After the Honeymoon: Chronic Illness in the Workplace

October is National Disability Employment Awareness Month (NDEAM). Therefore, it seemed like a good time to tell parts of my story relating to being “disabled” with chronic invisible illnesses as a young adult in the workforce. A lot of the patients I hear from faced the challenges of developing these illnesses in their 40’s (give or take) and having to leave the workforce; there is much for me to learn from their experiences, but I need to apply it in a different way as I entered and try to make my place in the workforce. At 45, it’s hard enough to give up your job – at 15 (age at diagnosis) it’s really not an option. Hopefully what these patients went through can help me in this challenge.

In my last post, “Once Upon a Time: A Tale of Disclosure”, I discussed my decision to disclose my illnesses to my firm before I was hired full-time. Now, I’d like to share how I approached my first few months (which included my first Busy Season) and when I realized I needed an accommodation. To be clear, I’m not suggesting all other chronic patients follow in my [...] continue the story

Father and son, doctor and grieving family member

The edges of Cameron’s lips rise undeniably toward the clear blue sky. His legs move methodically. One motionless on the scooter and the other periodically kicking to propel himself forward. He weaves in and out dodging my shadow as I jog beside him.

I struggle to keep pace. My breathing unsteady and labored. My joints aching. And my brain foggy from lack of sleep and replaying the events of the day.

***

The hospital was uncharacteristically quiet. Even for 5am. My eyes fluttered with fatigue as I willed my mind to focus after two nights of countless interruptions. I felt no joy in this early morning excursion.

The room was lit by a small lamp. A woman in her forties sat with a young child curled on her lap. A boy, Cameron’s age. My eyes adjusted to the absence of light.

The middle aged man lying on the bed looked far older then reality. He took deep irregular breaths. Each pause a question. His wife held his hand gingerly. I inhaled the seen cautiously. I couldn’t help but think of my dad. Were his last moments like this?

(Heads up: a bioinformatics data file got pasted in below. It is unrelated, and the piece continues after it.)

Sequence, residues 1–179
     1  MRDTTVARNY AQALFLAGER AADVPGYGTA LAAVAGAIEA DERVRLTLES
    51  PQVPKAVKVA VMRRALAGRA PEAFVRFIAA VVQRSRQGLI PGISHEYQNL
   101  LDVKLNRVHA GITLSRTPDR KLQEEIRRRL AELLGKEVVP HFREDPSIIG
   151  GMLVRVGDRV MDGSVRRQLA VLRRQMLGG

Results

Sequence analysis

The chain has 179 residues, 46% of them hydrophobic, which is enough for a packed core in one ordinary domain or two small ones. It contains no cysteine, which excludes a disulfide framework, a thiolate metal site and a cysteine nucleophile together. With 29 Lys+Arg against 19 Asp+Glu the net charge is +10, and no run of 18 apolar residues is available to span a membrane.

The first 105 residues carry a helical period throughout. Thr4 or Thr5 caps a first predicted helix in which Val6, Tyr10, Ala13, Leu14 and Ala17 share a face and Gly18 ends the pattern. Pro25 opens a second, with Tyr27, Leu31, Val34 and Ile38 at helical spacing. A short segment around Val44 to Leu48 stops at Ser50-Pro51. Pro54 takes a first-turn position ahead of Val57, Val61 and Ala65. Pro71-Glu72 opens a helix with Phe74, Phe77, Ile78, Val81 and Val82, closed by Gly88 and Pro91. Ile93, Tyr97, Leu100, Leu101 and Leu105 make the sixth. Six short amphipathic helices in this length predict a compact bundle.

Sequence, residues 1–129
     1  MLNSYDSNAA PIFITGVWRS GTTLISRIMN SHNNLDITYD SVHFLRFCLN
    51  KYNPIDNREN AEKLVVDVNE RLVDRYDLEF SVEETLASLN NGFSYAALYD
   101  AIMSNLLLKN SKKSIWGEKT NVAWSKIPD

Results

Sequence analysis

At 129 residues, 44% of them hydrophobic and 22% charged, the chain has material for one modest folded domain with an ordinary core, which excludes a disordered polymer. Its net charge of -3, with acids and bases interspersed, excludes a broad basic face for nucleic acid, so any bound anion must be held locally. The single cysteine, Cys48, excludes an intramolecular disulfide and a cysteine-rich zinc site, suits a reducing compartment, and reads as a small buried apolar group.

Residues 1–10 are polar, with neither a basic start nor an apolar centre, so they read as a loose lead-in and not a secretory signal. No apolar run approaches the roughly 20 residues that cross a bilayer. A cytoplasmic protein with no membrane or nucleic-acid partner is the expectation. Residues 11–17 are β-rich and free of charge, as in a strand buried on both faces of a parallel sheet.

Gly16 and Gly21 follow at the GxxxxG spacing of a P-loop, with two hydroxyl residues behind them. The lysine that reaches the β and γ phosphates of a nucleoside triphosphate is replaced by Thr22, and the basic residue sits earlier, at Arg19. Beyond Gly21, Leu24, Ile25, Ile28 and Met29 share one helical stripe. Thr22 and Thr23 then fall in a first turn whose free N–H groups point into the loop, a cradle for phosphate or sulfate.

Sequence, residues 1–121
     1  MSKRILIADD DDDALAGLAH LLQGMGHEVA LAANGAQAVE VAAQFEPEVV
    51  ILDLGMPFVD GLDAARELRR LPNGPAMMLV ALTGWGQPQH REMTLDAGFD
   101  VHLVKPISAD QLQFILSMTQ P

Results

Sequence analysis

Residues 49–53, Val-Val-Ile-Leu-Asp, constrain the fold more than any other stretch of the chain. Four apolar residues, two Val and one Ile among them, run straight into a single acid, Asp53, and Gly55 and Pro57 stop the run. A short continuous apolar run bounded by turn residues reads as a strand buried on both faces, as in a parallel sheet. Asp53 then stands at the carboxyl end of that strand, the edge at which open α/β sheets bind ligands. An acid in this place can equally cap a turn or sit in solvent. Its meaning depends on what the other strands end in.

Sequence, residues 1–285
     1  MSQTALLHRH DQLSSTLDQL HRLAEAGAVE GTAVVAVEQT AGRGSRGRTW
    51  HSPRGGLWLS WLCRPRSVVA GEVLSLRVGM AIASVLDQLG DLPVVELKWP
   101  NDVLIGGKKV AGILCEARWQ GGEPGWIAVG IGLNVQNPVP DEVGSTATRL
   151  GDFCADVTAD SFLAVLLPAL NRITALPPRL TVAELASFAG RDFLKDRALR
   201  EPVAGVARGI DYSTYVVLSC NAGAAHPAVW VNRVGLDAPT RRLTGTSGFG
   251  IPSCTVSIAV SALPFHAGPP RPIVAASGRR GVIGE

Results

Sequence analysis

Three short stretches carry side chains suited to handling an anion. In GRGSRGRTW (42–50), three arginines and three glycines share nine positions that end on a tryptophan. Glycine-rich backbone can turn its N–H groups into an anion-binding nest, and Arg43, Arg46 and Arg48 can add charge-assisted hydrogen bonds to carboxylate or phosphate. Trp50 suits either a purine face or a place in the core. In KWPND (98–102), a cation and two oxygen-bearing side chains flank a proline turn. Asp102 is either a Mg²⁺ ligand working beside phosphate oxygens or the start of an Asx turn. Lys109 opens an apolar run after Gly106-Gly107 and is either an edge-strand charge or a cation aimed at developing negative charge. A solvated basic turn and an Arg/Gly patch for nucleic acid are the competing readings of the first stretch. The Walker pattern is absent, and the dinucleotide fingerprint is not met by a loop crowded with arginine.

The woman dabbed her eyes with a tissue. She tried to move slowly to avoid waking up the [...] continue the story

The Vicious Financial Cycle of Chronic Illness

There comes a time in the life of a person with a chronic illness when a vicious cycle begins and the consequences of their temporary or permanent inability to work due to their chronic illness is compounded by their mounting medical bills. They get sick, so they can’t work; but they need to work, to pay for being sick. As the chronic illness becomes more persistent, it becomes increasingly difficult to stay ahead of this cycle. This is when the availability, or unavailability, of money and wealth becomes the sole determining factor of survival and happiness. On second thought, survival is not so much affected because of the mitigating and temporary stop-gaps provided by medical insurance and credit cards. However, living with the obligation to pay for these outstanding staggering and always increasing medical costs represents the “difference” between mere existence and truly living life and thus experiencing even occasional happiness. If you do not have the money and wealth necessary to keep up with this chronic illness cycle, some look to Bankruptcy as a strategy for negating this “difference.” But if the illness is indeed chronic in nature and/or incurable, there will [...] continue the story

Madness in the NFL – The Greg Montgomery Story

A glimpse into Greg Montgomery’s high school, college and NFL career. From his high school dream to play in the NFL to the manifestation of bipolar disorder in 1997 and his current coaching and advocacy work in the mental health arena.

I Had Cancer, A People’s History of the Disease. This is Heatheran’s Story.

Heatheran talks about her experience with ovarian cancer. She is a survivor but becoming one was not easy, this is her story.

So What If My Baby Is Born Like Me Part 1

Jono Lancaster, 26, (featured in BBC3’s Love Me Love My Face documentary) has suffered rejection and discrimination his entire life – all because of the way he looks. Born with a rare genetic condition, Treacher-Collins syndrome, Jono has no cheekbones or external ears and has endured years of bullying and countless hospital appointments.